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Creating and Consuming the American South$
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Martyn Bone, Brian Ward, and William A. Link

Print publication date: 2015

Print ISBN-13: 9780813060699

Published to Florida Scholarship Online: January 2016

DOI: 10.5744/florida/9780813060699.001.0001

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God and the MoonPie

God and the MoonPie

Consumption, Disenchantment, and the Reliably Lost Cause

(p.49) 2 God and the MoonPie
Creating and Consuming the American South

Scott Romine

University Press of Florida

This essay traces a somewhat improbable line of descent from God to the MoonPie as guarantors of something called “southern culture.” The essay opens by observing how a literal act of consumption, eating “southern food,” has become freighted with semiotic significance. Skeptically assessing the rise of “southern foodways” and claims for its centrality to southern culture, Romine develops a contrast between culture in its fundamentalist and its consumerist modes—between culture as a set of default imperatives regulating desire, and as an object in itself desirable (if never fully attainable). The essay argues that what Michael O’Brien calls “the idea of the South” is weakened as it is submitted to a regime of (cultural) consumption and exerts less social and historical force. From God to the MoonPie describes an arc between culture as context to culture as content, positioned in increasingly standardized delivery systems. Describing this arc, Romine complicates narratives that figure commodification and standardization as the loss of culture. He proposes that narratives of southern cultural loss, as articulated by both the right and the left, are equally legible as narratives of cultural detoxification.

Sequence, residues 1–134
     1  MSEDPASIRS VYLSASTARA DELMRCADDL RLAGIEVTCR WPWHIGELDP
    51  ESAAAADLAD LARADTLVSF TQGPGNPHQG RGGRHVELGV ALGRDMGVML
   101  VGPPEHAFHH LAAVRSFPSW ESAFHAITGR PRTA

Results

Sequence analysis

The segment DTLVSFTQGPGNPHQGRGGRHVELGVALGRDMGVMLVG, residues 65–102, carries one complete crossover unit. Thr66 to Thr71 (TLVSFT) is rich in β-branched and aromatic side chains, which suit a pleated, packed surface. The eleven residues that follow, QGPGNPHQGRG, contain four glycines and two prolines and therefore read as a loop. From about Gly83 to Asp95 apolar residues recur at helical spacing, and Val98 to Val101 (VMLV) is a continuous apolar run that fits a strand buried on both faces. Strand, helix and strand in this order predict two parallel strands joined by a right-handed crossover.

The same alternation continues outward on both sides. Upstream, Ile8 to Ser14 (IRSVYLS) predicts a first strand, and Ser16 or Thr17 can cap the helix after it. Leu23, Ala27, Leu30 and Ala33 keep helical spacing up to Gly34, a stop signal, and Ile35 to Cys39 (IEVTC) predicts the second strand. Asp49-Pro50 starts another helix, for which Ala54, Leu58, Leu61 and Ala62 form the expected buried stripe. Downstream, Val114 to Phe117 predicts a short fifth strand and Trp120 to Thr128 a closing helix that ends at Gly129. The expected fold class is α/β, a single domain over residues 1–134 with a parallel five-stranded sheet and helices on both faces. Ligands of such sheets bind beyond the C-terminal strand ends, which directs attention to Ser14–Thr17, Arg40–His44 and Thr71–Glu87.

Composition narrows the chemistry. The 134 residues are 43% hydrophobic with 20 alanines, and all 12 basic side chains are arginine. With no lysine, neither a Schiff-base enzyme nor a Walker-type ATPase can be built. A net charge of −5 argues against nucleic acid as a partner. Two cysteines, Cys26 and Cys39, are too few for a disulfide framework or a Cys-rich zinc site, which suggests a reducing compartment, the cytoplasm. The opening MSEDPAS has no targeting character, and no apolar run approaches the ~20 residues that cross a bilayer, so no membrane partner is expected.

Keywords:   Foodways, Religion, Culture, Consumption, Representation

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